Volume 19, Issue 8 p. 3635-3643
RESEARCH ARTICLE

Racial and ethnic differences in neuropsychiatric symptoms and progression to incident cognitive impairment among community-dwelling participants

Ganesh M. Babulal

Corresponding Author

Ganesh M. Babulal

Department of Neurology, Washington University School of Medicine, St. Louis, Missouri, USA

Department of Psychology, Faculty of Humanities, University of Johannesburg, Johannesburg, South Africa

Department of Clinical Research and Leadership, The George Washington University School of Medicine and Health Sciences, Washington, District of Columbia, USA

Institute of Public Health, Washington University in St. Louis, St. Louis, Missouri, USA

Correspondence

Ganesh M. Babulal, Department of Neurology, Washington University School of Medicine, 660 South Euclid Ave., Campus Box 8111, St. Louis, MO 63110, USA.

Email: [email protected]

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Yiqi Zhu

Yiqi Zhu

School of Social Work, Adelphi University, New York, USA

Brown School, Washington University in St. Louis, St. Louis, Missouri, USA

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Jean-Francois Trani

Jean-Francois Trani

Department of Psychology, Faculty of Humanities, University of Johannesburg, Johannesburg, South Africa

Institute of Public Health, Washington University in St. Louis, St. Louis, Missouri, USA

Brown School, Washington University in St. Louis, St. Louis, Missouri, USA

National Center for Arts and Crafts, Paris, France

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First published: 25 February 2023
Citations: 2

Abstract

INTRODUCTION

Neuropsychiatric symptoms (NPS) are a risk factor for dementia; however, their prevalence and severity among ethnoracial groups are poorly understood.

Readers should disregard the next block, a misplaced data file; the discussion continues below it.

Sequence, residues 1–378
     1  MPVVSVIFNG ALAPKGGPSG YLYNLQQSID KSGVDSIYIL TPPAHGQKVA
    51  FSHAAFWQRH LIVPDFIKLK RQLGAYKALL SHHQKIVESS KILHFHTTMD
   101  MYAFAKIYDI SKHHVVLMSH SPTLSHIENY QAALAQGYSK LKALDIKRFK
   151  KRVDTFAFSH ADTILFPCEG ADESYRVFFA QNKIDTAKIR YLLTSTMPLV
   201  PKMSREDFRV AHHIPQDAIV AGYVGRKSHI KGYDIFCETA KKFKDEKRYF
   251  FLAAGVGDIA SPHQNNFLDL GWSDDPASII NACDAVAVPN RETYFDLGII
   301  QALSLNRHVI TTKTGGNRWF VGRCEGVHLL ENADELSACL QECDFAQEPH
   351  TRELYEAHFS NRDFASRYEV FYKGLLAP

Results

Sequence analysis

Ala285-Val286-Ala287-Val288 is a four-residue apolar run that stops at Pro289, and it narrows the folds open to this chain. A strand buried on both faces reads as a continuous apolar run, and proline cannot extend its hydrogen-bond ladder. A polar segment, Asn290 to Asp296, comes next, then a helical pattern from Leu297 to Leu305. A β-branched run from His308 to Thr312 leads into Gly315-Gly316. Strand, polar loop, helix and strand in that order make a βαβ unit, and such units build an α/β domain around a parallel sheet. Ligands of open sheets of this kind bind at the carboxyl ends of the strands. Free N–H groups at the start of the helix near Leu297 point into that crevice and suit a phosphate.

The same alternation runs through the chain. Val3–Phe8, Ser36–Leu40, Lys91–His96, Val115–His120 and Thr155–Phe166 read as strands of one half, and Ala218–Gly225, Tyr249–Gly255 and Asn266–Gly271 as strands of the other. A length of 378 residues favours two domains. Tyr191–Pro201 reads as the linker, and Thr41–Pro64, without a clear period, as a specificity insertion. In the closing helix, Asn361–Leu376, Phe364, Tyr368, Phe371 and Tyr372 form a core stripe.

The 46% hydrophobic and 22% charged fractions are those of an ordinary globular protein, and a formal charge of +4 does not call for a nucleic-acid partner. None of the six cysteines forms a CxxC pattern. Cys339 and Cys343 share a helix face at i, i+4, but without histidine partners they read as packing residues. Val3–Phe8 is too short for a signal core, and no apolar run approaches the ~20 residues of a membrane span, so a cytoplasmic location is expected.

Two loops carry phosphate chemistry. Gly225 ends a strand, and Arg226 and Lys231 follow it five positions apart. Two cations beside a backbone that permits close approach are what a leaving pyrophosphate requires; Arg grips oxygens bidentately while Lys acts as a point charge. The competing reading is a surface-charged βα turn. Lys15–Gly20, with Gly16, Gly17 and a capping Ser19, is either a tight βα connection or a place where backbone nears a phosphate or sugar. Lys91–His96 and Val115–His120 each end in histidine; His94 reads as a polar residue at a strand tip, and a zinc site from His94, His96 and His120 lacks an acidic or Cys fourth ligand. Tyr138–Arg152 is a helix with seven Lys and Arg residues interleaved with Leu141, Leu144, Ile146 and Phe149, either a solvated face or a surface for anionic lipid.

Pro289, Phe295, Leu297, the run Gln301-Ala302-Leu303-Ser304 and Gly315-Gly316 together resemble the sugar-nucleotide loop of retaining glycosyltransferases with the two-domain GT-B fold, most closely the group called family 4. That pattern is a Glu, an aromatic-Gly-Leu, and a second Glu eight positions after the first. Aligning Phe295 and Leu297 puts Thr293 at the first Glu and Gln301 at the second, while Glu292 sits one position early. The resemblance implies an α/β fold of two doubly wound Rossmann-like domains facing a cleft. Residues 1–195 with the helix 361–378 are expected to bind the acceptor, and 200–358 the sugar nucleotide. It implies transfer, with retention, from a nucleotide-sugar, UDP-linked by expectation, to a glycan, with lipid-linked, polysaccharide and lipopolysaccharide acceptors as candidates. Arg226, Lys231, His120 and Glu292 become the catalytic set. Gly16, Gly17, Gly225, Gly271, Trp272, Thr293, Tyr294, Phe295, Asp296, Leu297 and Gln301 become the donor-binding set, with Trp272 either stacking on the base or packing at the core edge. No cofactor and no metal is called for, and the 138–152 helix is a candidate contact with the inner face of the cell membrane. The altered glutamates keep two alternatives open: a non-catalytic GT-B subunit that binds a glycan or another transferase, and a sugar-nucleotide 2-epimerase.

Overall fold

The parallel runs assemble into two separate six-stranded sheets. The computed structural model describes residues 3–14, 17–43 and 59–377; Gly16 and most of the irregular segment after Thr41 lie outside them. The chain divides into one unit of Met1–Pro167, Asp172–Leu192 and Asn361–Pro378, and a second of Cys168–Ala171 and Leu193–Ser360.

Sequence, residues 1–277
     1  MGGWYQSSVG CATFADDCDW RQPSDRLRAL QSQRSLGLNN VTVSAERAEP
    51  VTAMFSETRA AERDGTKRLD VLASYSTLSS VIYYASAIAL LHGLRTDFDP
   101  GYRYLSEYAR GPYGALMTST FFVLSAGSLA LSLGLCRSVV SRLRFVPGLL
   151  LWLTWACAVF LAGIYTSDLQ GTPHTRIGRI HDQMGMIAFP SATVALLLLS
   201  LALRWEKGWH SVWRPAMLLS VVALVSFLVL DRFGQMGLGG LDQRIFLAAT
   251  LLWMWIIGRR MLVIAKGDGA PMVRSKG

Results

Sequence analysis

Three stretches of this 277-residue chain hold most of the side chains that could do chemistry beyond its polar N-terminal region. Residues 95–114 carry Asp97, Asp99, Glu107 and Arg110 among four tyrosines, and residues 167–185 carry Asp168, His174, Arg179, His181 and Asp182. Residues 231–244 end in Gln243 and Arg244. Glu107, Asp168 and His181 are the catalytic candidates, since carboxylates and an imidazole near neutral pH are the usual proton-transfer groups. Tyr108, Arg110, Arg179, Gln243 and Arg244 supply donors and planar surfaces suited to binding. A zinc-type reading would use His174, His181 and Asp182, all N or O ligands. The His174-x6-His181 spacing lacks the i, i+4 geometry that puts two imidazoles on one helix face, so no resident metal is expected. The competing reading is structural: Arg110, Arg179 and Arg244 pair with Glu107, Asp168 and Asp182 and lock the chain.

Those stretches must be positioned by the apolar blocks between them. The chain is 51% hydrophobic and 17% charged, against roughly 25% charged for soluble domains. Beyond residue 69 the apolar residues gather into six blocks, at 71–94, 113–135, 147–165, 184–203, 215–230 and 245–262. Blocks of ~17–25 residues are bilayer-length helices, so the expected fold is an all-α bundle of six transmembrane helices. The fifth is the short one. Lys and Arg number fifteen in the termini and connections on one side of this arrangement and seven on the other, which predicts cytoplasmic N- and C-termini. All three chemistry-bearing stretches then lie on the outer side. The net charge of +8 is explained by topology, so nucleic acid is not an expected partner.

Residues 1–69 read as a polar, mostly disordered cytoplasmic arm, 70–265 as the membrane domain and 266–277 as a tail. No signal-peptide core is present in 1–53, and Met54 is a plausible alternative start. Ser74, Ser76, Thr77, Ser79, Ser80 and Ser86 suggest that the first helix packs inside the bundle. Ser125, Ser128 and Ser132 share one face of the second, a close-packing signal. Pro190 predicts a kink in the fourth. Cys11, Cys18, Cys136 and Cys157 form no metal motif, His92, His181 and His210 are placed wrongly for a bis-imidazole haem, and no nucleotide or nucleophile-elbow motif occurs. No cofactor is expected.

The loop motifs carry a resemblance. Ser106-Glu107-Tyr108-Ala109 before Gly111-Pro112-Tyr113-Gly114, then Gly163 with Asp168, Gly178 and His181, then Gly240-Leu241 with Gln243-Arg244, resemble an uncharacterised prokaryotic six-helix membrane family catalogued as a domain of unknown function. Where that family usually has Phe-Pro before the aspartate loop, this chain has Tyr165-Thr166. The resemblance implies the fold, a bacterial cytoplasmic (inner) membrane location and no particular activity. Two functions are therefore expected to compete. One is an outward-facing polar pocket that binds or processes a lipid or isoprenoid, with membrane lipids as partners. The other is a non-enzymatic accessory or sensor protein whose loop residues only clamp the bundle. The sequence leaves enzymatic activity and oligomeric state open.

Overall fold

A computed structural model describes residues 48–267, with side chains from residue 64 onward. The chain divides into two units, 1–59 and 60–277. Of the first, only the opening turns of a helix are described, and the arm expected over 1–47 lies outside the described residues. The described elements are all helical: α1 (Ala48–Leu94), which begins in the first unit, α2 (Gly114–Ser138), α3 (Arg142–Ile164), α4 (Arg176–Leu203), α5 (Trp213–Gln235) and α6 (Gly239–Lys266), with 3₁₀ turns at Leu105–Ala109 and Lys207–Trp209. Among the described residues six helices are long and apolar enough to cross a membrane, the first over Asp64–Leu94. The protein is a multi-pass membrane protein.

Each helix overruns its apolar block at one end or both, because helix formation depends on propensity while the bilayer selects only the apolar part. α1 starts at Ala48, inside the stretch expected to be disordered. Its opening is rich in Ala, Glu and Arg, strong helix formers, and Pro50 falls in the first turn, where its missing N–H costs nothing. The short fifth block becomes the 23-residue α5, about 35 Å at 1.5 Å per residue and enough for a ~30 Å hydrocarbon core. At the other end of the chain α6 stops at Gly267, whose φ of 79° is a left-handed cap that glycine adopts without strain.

METHODS

We used data from the National Alzheimer's Coordinating Center (NACC) (n = 6958; ≥50 years old). Cognitively normal participants at baseline, without any NPS or dementia diagnosis, had at least one follow-up. Survival analyses assessed the hazard ratio for 12 NPS models and progression to cognitive impairment. Propensity score weighting (PSW) matched participants on age, sex, education, and race/ethnicity.

RESULTS

All 12 NPS were significantly associated with progression to cognitive impairment. In the PSW models, compared to whites, Black/African Americans were more likely to progress to cognitive impairment across all 12 NPS models, followed by Hispanic, and then Asian participants.

DISCUSSION

PSW minimized selection bias to provide robust risk estimates. There is a higher risk of progressing to cognitive impairment for ethnoracial groups with NPS. Tailored screening of NPS and cognitive impairment should incorporate patient and caregiver reports.

CONFLICT OF INTEREST

All authors certify they have no conflicts of interest or disclosures. Author disclosures are available in the supporting information.